To really help the poor, Hong Kong needs to target the advantages enjoyed by the rich
Peg Yoc Hui Valdez says pro-poor schemes won’t narrow the wealth gap in society without efforts to also tackle the systematic exploitation of our free-wheeling free market that impoverishes people in the first place
During a Legislative Council meeting last month, activist Kwan Wing-yi put into sharp, feisty words the anti-government sentiment brewing among many Hongkongers, in a speech that quickly went viral after being uploaded to YouTube.
“There is so much government-business collusion and inflation these days that we can’t even buy a catty of contaminated vegetables for HK$30,” Kwan said.
After talking about democracy, freedom of expression, unaffordable housing and elderly poverty – Kwan’s speech touched on a point that citizens have been less vocal about lately: the government’s siding with private corporate interests.
The clearest manifestation of this is the lax regulatory framework that has allowed many of Hong Kong’s markets – utilities, electronics, groceries, real estate – to be dominated by duopolies or monopolies. Since many of Hong Kong’s largest conglomerates are family controlled – Chow Tai Fook Enterprises by the Cheng family, Sun Hung Kai Properties by the Kwok family, and CK Hutchison Holdings by Li Ka-shing, for instance – these business empires have further concentrated wealth and power in the hands of a precious few. The richest 10 per cent of Hong Kong people own 77.5 per cent of its wealth, according to a Credit Suisse study cited in a 2015 Oxfam report.
Hong Kong’s vast and growing wealth gap is widely acknowledged and discussed, but politicians and civil society tend to focus only on one half of the issue: helping those at the bottom. The systematic advantages of the corporations and families at the top are sidelined. They must be brought to the foreground of the inequality debate.
This year’s budget speech by Financial Secretary John Tsang Chun-wah, for instance, focused on poverty alleviation and help for low-income groups. He announced a 75 per cent reduction in the salaries tax, subject to a ceiling of HK$20,000, and the allocation of HK$2.9 billion per year to an assistance scheme for low-income families.
Some lawmakers who felt the measures did not go far enough said Tsang should also have waived public housing rent. But even such a subsidy would only provide short-term relief for poor households. Instead of worrying about how to give HK$30 to a family so they can afford a “catty of contaminated vegetables”, what politicians and the public should be discussing is how to eliminate Hong Kong’s supermarket duopoly, the reason basic daily needs are so overpriced in the first place.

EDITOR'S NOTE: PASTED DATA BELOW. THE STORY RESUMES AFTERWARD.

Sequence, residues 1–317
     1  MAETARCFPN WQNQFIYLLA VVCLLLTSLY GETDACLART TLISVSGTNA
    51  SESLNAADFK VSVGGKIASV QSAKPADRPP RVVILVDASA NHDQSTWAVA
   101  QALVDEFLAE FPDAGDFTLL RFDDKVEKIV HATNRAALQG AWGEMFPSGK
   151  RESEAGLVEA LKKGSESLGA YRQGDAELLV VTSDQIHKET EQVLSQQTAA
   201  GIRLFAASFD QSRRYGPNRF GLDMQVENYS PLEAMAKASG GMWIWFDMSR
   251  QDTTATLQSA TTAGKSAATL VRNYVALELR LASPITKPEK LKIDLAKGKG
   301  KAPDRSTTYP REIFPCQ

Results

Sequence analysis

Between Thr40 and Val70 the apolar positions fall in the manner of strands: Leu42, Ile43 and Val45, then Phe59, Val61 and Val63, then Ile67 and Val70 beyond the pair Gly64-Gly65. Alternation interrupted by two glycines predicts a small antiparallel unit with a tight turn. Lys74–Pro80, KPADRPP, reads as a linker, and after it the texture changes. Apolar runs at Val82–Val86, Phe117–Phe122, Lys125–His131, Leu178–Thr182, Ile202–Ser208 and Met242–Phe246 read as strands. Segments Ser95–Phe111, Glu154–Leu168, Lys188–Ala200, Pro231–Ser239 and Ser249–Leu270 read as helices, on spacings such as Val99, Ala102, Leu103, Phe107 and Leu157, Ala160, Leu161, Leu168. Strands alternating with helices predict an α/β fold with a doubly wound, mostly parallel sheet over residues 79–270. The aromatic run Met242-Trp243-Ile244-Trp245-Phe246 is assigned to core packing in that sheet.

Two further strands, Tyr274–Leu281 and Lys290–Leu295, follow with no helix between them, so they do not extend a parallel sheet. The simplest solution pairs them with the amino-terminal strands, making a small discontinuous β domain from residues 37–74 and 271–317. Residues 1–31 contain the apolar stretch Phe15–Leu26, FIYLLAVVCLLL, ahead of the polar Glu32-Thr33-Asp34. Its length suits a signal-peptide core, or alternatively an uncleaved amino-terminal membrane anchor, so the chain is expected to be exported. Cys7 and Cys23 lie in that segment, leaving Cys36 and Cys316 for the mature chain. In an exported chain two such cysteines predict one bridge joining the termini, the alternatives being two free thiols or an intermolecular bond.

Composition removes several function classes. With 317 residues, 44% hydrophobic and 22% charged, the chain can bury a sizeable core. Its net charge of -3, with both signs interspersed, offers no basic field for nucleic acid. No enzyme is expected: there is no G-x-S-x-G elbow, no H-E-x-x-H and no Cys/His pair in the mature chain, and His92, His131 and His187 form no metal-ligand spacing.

We need stronger competition laws. It wasn’t until June 2012 that Hong Kong passed its first competition law, which came into full effect in December last year. One expected outcome had been for the duopoly of Wellcome (owned by Jardines) and ParknShop (owned by CK Hutchison) to be weakened, to make way for other competitors that could widen choices and drive prices down. But no move has been seen in this direction. Creating pressure for fairer competition is key to making daily life more affordable in Hong Kong – the world’s second most expensive city in 2015 for expatriates, according to Mercer’s Cost of Living Survey.
New ways of tackling state and private-sector corruption are also urgent. Anti-graft measures are already in place under the Independent Commission Against Corruption, but the 2014 bribery case involving former chief secretary Rafael Hui Si-yan and property tycoon Thomas Kwok Ping-kwong showed that certain dirty dealings do escape its sight.
The 18 per cent surge in corruption complaints reported last year shows that even if Hong Kong’s graft-busting body has its eye on political and private-sector misconduct, it is not quite deterring it. Hongkongers should pressure the government to pass a Free Access to Information Act that would allow corruption to be monitored more democratically.
Reintroducing an estate tax, which was abolished in 2006, is another measure that should be considered. The tax was abolished to attract investment and turn Hong Kong into an asset management centre, in a typical Hong Kong move that prioritises market freedom over fairness. Between 2006 and 2011, Hong Kong’s inequality index worsened. Returning to Hong Kong’s pre-2006 level of a 15 per cent estate duty on inherited assets exceeding HK$10.5 million – a relatively low rate compared to the 55 per cent estate tax in Japan, 50 per cent in South Korea, and 40 per cent in Britain and the US, for example – would be a first step towards reprioritising equality of opportunities in Hong Kong.
All of these moves would require, as a starting point, the recognition that Hong Kong’s model of development based on being an ultra-free market has not worked. The government needs to step back into the game as an arbiter whose job is to ensure a level playing field.
Peg Yoc Hui Valdez is a sociologist and journalist based in Hong Kong